Predictors of Restenosis Following Carotid Angioplasty and Stenting
Background and Purpose—Restenosis after carotid angioplasty (with or without stent) is associated with increased rate of stroke and death. Our aim was to determine risk and predictive factors related to carotid restenosis post carotid angioplasty and its association to recurrent cerebrovascular events.
Methods—All consecutive patients with carotid stenosis treated with angioplasty (n=1060) in a single University Hospital were included (from 2002 to 2013). Follow-up was done prospectively evaluating restenosis, ipsilateral stroke, or death. Restenosis was defined as a narrowing of ≥70% of a previously treated vessel evaluated by ultrasonography.
Results—Of the 1060 patients treated, 9.2% (97) of patients experienced restenosis during follow up (median 12 [9–32] months). Occurrence of restenosis was associated with ipsilateral stroke during follow-up (P=0.049). After Cox regression analysis, hypertension (hazard ratio, 6.2 [1.9–19.9]; P=0.002), impaired vasoreactivity (hazard ratio, 1.7 [1.09–2.8]; P=0.019), and angioplasty without stent (hazard ratio, 2.9 [1.2–6.8]; P=0.012) were independent risk predictors of >70% restenosis.
Conclusions—Carotid restenosis after carotid angioplasty is associated with ipsilateral stroke occurrence. In our sample, hypertension, angioplasty without stent, and impaired vasoreactivity identify patients at high risk of restenosis and could help to select patients for follow-up ultrasonography imaging.
Carotid angioplasty (CA) and stenting has emerged as an alternative to carotid endarterectomy for the management of carotid stenosis.1 Clinical trial results show mixed data, with rates of restenosis after CA ranging from 1% to 21%.2–5 Differences in restenosis rates are related to study design variability. Lack of stent use in some of them increases restenosis rate. A recent study reviews clinical trials published from 1990 to 2013 comparing CA stenting and carotid endarterectomy. Carotid restenosis rate was ≥50%, or occlusion ranged around 6% four years after carotid endarterectomy or CA stenting in this study.6 This incidence is more accurate given the widespread stent use nowadays. In addition, severe carotid artery restenosis or occlusion after previous surgical or endovascular treatment is associated with an increased risk of recurrent cerebrovascular events.2–4 Recent American Heart Association/American Stroke Association guidelines state that routine long-term follow-up imaging with carotid duplex ultrasonography is not recommended after revascularization.7 Our aim was to determine the risk and predictive factors related to carotid restenosis post CA or CA stenting to identify a subset of patients who might benefit from close ultrasound monitoring during follow-up or more aggressive therapies to avoid restenosis.
We analyze a prospective database of all consecutive patients treated by CA in our center in the period 2002 to 2013. The study was approved by our institutional review committee. The patients eligible for the study were those treated with CA (with or without stent) because of symptomatic or asymptomatic carotid artery stenosis or restenosis ≥70%, regardless of cause, and with possibility of follow-up. Every patient underwent a comprehensive interview, neurological examination, carotid duplex evaluation, and brain computed tomography or magnetic resonance imaging before angioplasty. Cerebrovascular reactivity was evaluated by means of breath holding index. We considered values of breath holding index <0.69 as impaired.8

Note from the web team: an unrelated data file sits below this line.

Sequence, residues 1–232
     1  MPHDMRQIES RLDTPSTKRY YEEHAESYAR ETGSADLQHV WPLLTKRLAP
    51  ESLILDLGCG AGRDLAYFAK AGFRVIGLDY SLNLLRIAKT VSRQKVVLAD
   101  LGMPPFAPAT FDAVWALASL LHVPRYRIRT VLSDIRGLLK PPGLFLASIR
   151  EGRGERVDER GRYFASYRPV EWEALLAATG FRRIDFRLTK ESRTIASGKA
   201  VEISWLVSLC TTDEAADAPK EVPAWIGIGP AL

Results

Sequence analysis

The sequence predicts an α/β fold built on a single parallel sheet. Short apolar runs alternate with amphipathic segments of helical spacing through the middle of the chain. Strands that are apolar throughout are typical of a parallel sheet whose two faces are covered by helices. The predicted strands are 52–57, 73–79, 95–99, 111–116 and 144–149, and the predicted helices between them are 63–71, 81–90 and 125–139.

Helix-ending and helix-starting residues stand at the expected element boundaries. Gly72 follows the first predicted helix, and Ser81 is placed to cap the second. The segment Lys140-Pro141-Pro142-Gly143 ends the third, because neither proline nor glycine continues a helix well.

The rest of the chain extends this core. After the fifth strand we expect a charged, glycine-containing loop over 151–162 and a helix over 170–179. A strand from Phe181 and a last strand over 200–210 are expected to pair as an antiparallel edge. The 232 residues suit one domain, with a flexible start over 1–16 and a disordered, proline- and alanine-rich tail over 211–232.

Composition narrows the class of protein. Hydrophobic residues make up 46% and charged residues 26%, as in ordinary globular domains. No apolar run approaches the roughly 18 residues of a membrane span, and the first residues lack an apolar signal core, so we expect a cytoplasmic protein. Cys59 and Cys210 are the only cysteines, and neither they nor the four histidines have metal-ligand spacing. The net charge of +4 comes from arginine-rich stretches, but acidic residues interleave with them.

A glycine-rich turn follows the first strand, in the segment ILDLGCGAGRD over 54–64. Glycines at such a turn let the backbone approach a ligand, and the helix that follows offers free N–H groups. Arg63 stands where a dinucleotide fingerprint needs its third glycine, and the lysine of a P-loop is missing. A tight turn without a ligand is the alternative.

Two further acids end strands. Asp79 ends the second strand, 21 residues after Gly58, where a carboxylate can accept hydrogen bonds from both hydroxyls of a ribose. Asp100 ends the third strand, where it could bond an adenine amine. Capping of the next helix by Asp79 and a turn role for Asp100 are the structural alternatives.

Outpatient clinical and ultrasound follow-up was scheduled for 1, 3, and 6 months and annually thereafter for all patients to evaluate recurrent events and restenosis degree. The threshold for the diagnosis of severe restenosis (≥70%) was defined by peak systolic velocities of ≥300 cm/s and hemodynamics changes. Intervention protocol is detailed in the online-only Data Supplement.
Predictors of restenosis and association of restenosis and outcome were determined by Kaplan–Meier curves with the log-rank test. Independent predictors of restenosis were assessed by Cox regression analysis by forward-stepwise method, including in the first step those baseline variables associated at a P value under 0.1 in Kaplan–Meier analysis. We used SSPS 17.0 for statistical analysis. P<0.05 was considered statistically significant.
From January 2002 to December 2013, 1196 patients underwent CA (with or without stent). There were 136 patients excluded from the study because of loss of follow-up. Final sample was 1060 patients. Baseline characteristics of patients and selected sample are shown in Table I and Figure I in the online-only Data Supplement.
Ninety-seven patients (9.2%) experienced ≥70% restenosis during follow-up. Of them, 47 restenosis patients (48.2%) underwent a new angioplasty during follow-up. Mean restenosis time was 12 months. Age older than 70 years (P=0.003) and history of hypertension (P=0.002) were the only vascular risk factors significantly related to higher rates of restenosis during follow-up (Table II in the online-only Data Supplement). Regarding angioplasty and ultrasound variables, angioplasty without stent (P<0.0001), postprocedure stenosis >30% (P<0.0001), and preprocedure impaired cerebral vasoreactivity (P=0.003) were also related to restenosis (Table III in the online-only Data Supplement).
Association of hypertension and age >70 years was related to higher restenosis rates (13.9%; P=0.003). Furthermore, patients with hypertension and impaired vasoreactivity (IVR) showed higher values of restenosis (14.8%; P=0.006; Figure 1).